These are the days of wine and roses in the NBA. This is the time of the year that anybody and everybody looks forward to: the best-of-seven NBA Finals.
Nitpick all you want, but this is the classic Finals matchup, the one that seems universally constant: Lakers versus Celtics. The two teams you’re more likely to see on ESPN Classic than any other.
Doesn’t it feel weird that in a league with 30 teams; a league where every team is subjected to a salary cap and talent is spread so thin, these two teams should end up here again for the second time in three seasons?
There just isn’t a ton of room at the top, I suppose.
Yes, the Lakers are good. But they aren’t great. Would this season’s Lakers get past Shaq and Kobe in 2000? Or past Magic and Kareem? How about Wilt and West? In a best of seven?
See, that’s the catch, the inevitable equalization of pro sports. The more people watch, the more money flows into it, the more even the league becomes. Teams are limited by what they spend. If you’re lucky, your team has a superstar, not two or three.
Inversely, though, this means the impact of a good player is much greater. One really good player means so much more when he is the team. Witness the Toronto Raptors, sans Chris Bosh.
Another example: Kobe Bryant, who, if you haven’t noticed, is having an amazing postseason. He’s playing an average of 40 minutes, scoring about 29 points and handing out six assists per game. This great play is what’s carrying the Lakers to the finals. I don’t think it’s too early to realistically consider him for Finals MVP.
It’s an easy call and with plenty of good reason; the biggest reason, of course, being that statistically, 2010 has been one of his best postseasons.
So far, his numbers are better than three of his trips to the Finals with Shaq (they’re pretty close to his 2001 numbers: 43 minutes, 29 points and six assists per game). They’re not far behind last season’s, either.
This extends to a game-to-game basis, too. In the final four games of the Western Conference Finals, Bryant scored at least 30 points. In three of them, he had what I like to call a rich man’s double-double: more than 10 rebounds/assists and more then 10 made baskets.
But a closer look shows just how valuable Kobe is right now: he has the highest PER (25.2) of anybody left in the postseason. He’s second in the NBA to teammate Pau Gasol in Win Shares with 2.5. His usage percentage – a metric defined by Basketball Reference as an estimate of how many plays use a player – is 32; when he’s on floor, almost a third of the Lakers’ plays use him. Obviously, he’s important to the Lakers success.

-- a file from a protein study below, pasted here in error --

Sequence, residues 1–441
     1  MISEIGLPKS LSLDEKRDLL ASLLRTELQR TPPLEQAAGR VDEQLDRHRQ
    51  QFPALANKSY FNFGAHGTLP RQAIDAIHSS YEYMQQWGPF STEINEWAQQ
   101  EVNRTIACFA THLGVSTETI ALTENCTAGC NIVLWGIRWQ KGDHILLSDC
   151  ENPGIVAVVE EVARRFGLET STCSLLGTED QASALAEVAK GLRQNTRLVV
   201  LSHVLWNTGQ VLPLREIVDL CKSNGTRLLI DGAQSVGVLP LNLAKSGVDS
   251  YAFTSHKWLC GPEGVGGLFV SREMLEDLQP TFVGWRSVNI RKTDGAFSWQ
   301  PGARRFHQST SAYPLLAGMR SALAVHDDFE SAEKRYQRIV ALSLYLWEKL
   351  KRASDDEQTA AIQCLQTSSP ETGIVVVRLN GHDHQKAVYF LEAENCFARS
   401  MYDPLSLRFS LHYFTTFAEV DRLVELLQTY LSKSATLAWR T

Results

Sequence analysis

Think back to game five of the Western Finals. The Suns tie the game with 3.5 seconds left on a three pointer – their third shot that possession. Who did the Lakers go to for the must-hit shot?
They made sure that it was Kobe – not Gasol, not Freddie Bynum, not Ron Artest – who was taking the biggest shot of that series. Taking the inbound pass from Lamar Odom, Kobe dashed to his right, found an opening between Steve Nash and Grant Hill, spun, jumped and let one go.
Sure, it missed, but think about the dynamics of that shot. He ran to his right, moving away from the basket. When he took the shot, he was facing the stands and had two men right on him. Run, catch, jump into a spin and shoot, all in less than two seconds. Yeah, it was short but it was on line, too.
How many players could hit a shot like that? How many could even get that shot off? Not to mention that in the pivotal game of the series, Bryant had 30 points, 11 boards and nine assists.
Yeah, Kobe is an easy pick for Finals MVP. But don’t take my word for it, take it from Jerry West, who called Bryant “the greatest Laker player we have ever seen” in an interview on Fox Sports Radio.
That’s from a guy who was there for Wilt and Kareem, and Shaq and Magic, for titles over the Knicks and over the Celtics. If anybody knows what great is, it’s him.